Dr. Koufman’s Reflux-Friendly Weight-Loss Program
- A New Year is coming. Forget fad diets as many aren’t healthy and make your reflux worse. Instead, do Dr. Koufman’s easy, low-sugar, low-fat diet to reduce calories and lose weight … and it’s safe for acid reflux.
- Some of the seven suggestions should be obvious: no fried food, no late night eating, no soft drinks.
- You can start Dr. Koufman’s diet doing all seven steps at once, or you can introduce them sequentially over two weeks. Also, in this post, you can calculate your BMI; are you normal, overweight, or obese?
Respiratory Reflux (RR) and Laryngopharyngeal Reflux (LPR)are synonyms, and the terms can be used interchangeably. Going forward, I prefer the term RR, and so should you: it is easier to pronounce, more intuitive, and it implies that RR can affect any and all parts of the respiratory system, which it does.
There is some commonality between the Reflux Detox Diet and this weight loss program … which is intended to dramatically decrease sugar and fat while maintaining a low-acid diet. For example, you’ll need to avoid sugary beverages, eat less bread, snacks, and avoid the most common reflux-trigger foods.
The principles of this diet are solidly based in science, and the principles don’t change over time. This seven-step weight loss diet includes significant lifestyle changes such as not eating dinner close to bedtime.
So do you need this diet? Here is a simple Body Mass Index, BMI calculator and the BMI categories: Underweight <18.5, Normal weight 18.5–24.9, Overweight 25–29.9, and Obesity 30 or more. If your BMI is 25 or more, you do need this diet.
Dr. Koufman’s Seven-Step Dietary Program For Weight Loss
1. No Eating After 8:00 p.m.: For most people, assuming that 11:00 is bedtime, no eating after 8:00 will do the trick. But, if you go to bed earlier, then you should eat your dinner earlier as well. There are reasons for this: first, calories consumed in the evening lead to more weight gain than calories consumed earlier in the day; and second from a reflux point of view, you should try to go to bed with an empty stomach which takes a minimum of 3-4 hours.
2. Avoid Alcohol : Alcoholic beverages, especially wine and many mixed drinks are loaded with sugar. If you drink two glasses of wine a day, that’s about 400 calories extra. The best choice if you are going to drink alcohol is a gluten-free vodka on the rocks with a splash … and just one. Besides for you, maybe it should be Dry January.
3. Avoid Sugary Soft Drinks and Other High-Sugar Beverages: A regular 16-oz. Coca Cola has almost 200 calories but not as much as popular Starbucks specialty drinks that can contain 240-320 calories for just one. Drink Water! Almost everything else is either high-calorie or bad for reflux. Personally, I recommend alkaline water pH 9.5 … but not Essentia (phosphates). It is also important to hydrate starting in the morning. I always tell my singers, “Pee pale.”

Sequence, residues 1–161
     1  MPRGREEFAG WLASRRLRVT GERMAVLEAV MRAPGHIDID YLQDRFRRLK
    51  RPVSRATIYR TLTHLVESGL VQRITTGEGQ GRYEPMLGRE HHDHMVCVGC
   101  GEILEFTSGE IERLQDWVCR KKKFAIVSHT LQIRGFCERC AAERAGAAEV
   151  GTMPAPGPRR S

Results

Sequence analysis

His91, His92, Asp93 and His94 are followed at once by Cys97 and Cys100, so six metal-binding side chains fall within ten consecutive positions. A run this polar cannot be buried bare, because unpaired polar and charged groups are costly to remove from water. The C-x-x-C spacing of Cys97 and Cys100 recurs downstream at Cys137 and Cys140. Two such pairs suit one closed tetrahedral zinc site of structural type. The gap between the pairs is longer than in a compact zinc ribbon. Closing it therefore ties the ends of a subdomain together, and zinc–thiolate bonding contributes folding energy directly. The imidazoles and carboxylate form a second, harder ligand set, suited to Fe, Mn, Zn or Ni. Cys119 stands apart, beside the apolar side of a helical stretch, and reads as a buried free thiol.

4. Eat Three Meals A Day: Try to eat at least 3 meals a day; this is really a strong recommendation for weight loss; and never skip breakfast … and stay away from fast food for lunch (or dinner). I’ve done a recent post on breakfasts that are suitable for weight loss and for fighting reflux, too.
5. Consume Only One Serving Of Bread A Day: Unfortunately, most Americans eat bread with breakfast, lunch, dinner, and for snacks, e.g., cake, cookies. You may not know this, but bread is mostly sugar; get Wheat Belly for an informative read. Limit yourself to one portion of bread a day and that includes desserts and snacks.
6. Substitute Fruit For Candy: Long ago when I was a sugar addict, I decided to start having figs and dates for dessert as they contain a lot of sugar (instead of candy). Then, over time, I began to limit the number of dates and figs to a maximum of three dates or six figs. Eventually, I switched over to red apples; Fuji is sweet and my favorite. Today, it tastes as sweet as candy used to.
7. Avoid Common Reflux Trigger Foods
Nicotine (Avoid all tobacco products including vaping)
Coffee/caffeine (This should be limited to 1-2 cups per day; but even decaf coffee is a trigger for some people
Fat (high-fat foods, especially fatty meats and fried food)
Chocolate (Theobromine, chemical found in chocolate relaxes the LES)
Mint (esp. peppermint and spearmint)
Pepper/peppers including pepper spices and bell peppers.
All Or Nothing and For How Long?
This diet does not necessarily have to be an all-or-nothing program. That said, you should always try to avoid fried and fast food, as well as high-sugar foods, e.g., cookies, candy. In addition, over the long haul, you should stay away from highly-acidic foods, e.g., lemon, other citrus, and soft drinks. all of which are acidified by law.
People sometimes ask how long is this diet for? A week, a month, a year? I believe some elements of this diet should be carried forward forever, especially no soft drinks. “Dropping Acid,” including Seltzer, as these are just too acidic; see What’s Best to Drink If I Have Acid Reflux. It’s up to you; pick your poison.
For more information about diagnosis and treatment of reflux laryngitis, see my two companion books on Amazon: Dropping Acid: The Reflux Diet Cookbook & Cure.
And, if you would like to schedule a 30-minute, virtual consultation with me, you can book online.